* Collectanea Anglo-Minoritica, i. 26.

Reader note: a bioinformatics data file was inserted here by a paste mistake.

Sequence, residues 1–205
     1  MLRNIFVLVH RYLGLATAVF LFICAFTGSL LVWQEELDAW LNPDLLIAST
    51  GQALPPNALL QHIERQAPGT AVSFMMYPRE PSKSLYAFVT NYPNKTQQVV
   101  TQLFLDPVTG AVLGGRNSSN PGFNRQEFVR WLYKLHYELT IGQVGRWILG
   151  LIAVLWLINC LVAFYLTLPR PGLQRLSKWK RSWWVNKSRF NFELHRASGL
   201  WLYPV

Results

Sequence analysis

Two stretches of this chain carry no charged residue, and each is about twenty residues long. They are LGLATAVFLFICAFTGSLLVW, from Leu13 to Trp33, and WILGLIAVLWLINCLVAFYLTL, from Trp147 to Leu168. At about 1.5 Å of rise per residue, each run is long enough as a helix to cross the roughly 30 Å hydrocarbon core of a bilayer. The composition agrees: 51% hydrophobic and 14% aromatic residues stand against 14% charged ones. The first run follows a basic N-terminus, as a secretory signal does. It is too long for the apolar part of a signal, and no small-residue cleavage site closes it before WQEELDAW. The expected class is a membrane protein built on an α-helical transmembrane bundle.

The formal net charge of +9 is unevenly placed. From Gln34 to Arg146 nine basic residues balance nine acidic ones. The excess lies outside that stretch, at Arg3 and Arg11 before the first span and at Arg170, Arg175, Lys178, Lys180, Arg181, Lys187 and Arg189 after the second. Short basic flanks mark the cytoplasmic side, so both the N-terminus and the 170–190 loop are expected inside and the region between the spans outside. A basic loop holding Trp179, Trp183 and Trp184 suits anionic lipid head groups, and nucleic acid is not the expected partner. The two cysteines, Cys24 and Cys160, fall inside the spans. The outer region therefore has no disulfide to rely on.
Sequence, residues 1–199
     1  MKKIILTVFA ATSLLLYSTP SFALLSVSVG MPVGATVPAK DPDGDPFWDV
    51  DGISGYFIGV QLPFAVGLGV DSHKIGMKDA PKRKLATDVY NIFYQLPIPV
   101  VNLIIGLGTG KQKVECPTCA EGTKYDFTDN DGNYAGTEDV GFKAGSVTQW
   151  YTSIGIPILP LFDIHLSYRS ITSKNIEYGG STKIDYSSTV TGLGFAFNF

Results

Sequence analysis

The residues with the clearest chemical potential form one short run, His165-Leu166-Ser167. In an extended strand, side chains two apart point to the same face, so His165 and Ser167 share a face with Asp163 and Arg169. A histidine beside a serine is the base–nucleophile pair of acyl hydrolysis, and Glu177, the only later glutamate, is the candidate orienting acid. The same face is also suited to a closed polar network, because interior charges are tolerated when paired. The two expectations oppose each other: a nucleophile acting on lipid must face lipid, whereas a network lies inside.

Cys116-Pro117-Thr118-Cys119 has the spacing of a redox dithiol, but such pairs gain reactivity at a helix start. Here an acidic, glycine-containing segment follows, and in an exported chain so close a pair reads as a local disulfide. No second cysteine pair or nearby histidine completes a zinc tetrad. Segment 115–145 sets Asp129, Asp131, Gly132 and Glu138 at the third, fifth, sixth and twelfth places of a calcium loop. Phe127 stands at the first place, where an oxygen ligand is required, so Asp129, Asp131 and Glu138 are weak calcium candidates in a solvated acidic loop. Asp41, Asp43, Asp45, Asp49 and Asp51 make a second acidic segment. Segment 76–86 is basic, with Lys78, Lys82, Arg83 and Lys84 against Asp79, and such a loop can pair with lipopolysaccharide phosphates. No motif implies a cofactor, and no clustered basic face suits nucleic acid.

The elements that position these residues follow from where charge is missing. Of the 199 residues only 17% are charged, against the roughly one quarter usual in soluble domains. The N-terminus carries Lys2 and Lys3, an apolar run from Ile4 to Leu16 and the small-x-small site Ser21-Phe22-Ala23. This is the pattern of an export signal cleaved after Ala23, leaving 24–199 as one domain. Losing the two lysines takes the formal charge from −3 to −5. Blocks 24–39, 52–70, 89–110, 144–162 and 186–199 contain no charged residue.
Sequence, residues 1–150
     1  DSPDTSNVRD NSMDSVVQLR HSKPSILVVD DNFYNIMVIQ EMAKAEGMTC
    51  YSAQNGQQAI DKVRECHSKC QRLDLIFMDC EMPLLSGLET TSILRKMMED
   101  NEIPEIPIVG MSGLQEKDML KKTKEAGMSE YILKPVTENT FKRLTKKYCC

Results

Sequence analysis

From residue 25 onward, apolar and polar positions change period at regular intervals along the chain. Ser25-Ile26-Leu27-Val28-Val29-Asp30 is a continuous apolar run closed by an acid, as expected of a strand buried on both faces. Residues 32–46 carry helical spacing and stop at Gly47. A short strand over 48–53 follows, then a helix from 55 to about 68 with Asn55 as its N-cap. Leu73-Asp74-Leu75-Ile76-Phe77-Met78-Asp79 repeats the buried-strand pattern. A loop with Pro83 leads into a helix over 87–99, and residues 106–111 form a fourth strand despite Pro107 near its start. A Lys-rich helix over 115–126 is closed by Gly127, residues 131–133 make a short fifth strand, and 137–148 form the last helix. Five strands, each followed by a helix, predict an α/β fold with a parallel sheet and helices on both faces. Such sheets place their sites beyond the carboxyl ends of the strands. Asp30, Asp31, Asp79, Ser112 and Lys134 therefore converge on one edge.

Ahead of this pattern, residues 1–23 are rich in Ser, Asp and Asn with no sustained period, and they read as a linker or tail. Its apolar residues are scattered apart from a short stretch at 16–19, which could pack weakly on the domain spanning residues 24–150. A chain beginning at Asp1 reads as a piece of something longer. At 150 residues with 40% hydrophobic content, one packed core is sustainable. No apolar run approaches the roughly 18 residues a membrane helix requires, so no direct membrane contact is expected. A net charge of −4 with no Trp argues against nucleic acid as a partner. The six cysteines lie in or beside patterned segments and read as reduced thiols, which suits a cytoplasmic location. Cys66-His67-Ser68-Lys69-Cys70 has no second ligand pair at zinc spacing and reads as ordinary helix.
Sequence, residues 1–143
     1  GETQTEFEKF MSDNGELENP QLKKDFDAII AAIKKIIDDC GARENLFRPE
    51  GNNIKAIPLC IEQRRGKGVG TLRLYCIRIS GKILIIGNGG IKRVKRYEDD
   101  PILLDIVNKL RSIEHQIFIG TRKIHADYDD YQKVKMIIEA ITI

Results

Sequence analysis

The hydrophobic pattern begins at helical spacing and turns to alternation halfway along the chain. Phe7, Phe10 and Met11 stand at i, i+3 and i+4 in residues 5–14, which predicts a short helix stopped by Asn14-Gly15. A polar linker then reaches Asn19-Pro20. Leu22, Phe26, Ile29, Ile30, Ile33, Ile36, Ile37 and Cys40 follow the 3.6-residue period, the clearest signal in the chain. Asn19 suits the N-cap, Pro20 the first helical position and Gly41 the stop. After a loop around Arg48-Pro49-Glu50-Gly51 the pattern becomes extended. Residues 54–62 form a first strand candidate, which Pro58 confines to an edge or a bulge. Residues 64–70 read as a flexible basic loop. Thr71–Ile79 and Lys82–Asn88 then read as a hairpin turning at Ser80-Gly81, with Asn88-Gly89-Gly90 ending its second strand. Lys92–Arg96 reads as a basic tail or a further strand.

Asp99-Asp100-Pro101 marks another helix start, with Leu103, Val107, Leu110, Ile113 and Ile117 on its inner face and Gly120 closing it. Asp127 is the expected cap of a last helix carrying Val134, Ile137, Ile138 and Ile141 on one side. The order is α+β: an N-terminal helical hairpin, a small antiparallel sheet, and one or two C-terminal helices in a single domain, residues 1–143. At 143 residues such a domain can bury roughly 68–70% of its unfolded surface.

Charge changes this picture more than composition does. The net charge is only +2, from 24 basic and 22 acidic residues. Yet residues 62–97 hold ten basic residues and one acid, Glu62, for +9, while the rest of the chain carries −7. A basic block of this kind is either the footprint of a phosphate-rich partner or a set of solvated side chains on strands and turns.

the lovers of peace, when some unliappy person, perhaps some queen, had fled through secret subterraneous passages, as at Westminster, to the asylum of which the exterior was guarded by the troops of their enemy to prevent their entrance, and when the great bell of the abbey announced to the baffled tyrant and to the whole city aware of his cruelties that some new fugitive had been registered among the sanctuary men or women to the glory of the Prince of Peace? When Hubert de Bourg had fled to sanctuary, Henry III. violated the privilege by ordering that no provisions should be allowed to be conveyed to him * ; but in general the asylum thus afforded to the weak amidst times of commotion and disorder was preserved in. violate. The charter of the Emperor Lothaire Ill. in 1138 to Monte Cassino is to this effect: “In general to remove all scandal from this church, we decree by our imperial authority that every man, whatever be his nation or condition, passing to the land of the blessed Benedict, shall be free and secure from all disquietude and exaction from all other men whomsoever t." The Emperor Henry VI., in letters granted to the same abbey, confirms the ancient privilege. “It belongs,” he says, “ to the prudence of the imperial elevation to provide with solicitude for the tranquillity of the churches, that what seems to have been granted through veneration for them by ourselves or our predecessors on the throne of the Roman empire, may by no interpretation be subject to variations.” Then after confirming the previous grants of exemption to the monastery from all service on imperial expeditions, he ends thus : “ Since we believe that it will more conduce to the interest of our empire to be assisted by the merits and prayers of religious men there serving, than if they ministered to us and to the empire temporal things like seculars I.” The same emperor in another charter says, decree also that it be lawful to every one of the faithful of Christ, by the divine inspiration, being contrite, to offer himself and his goods to the monastery freely, and without any contradiction from any one ; and that whatever be his nation or condition, on coming to the land of the blessed Benedict he shall be secure and free from all trouble and molestation, be his adversaries who they may 5." These imperial decrees indicate that when the attainment of justice by legal protection became secure, and the right of sanctuary, strictly speaking, had ceased, inonasteries, by the liberty which all men possessed of embracing the pacific life within or even around them, might be observed to form still a kind of privileged region contrasted with the countries which groaned under the despotism of the state. Some monarchs, it is true, like Louis XIV., are said to have had their own projects unfavourable to the monastic orders in this respect, intending to control them and place limits different from what the Church and the ancient common law proposes *; and in recent times the Trappists could only receive such young men as had “ satisfied the law of conscription." But in general the state, in consequence of these institutions, had not the unrestrained or exclusive right of marking men, like trees, indelibly for itself. In France, as soon as a tree is struck with the mallet of the Admiralty, its destination cannot be changed. Every attempt respecting it becomes a legal offence, and the agents of the Admiralty are sure to pursue before the tribunals the least infraction of this law t. The same right seems to have been claimed even in England; for we read of Lord Clarendon's indignation at the Navy Board having marked some trees for cutting in Clarendon Park without his leave. It was not so with men in the forest of life. The state could not go in every where with its brand, and mark out individuals for itself; for the monastic privileges constituted a mode of escape for some who were more strongly influenced by the love of peace ; and no king or political body in the state had power to wrest for their own purposes those who had been previously marked out for the service of the pacific King.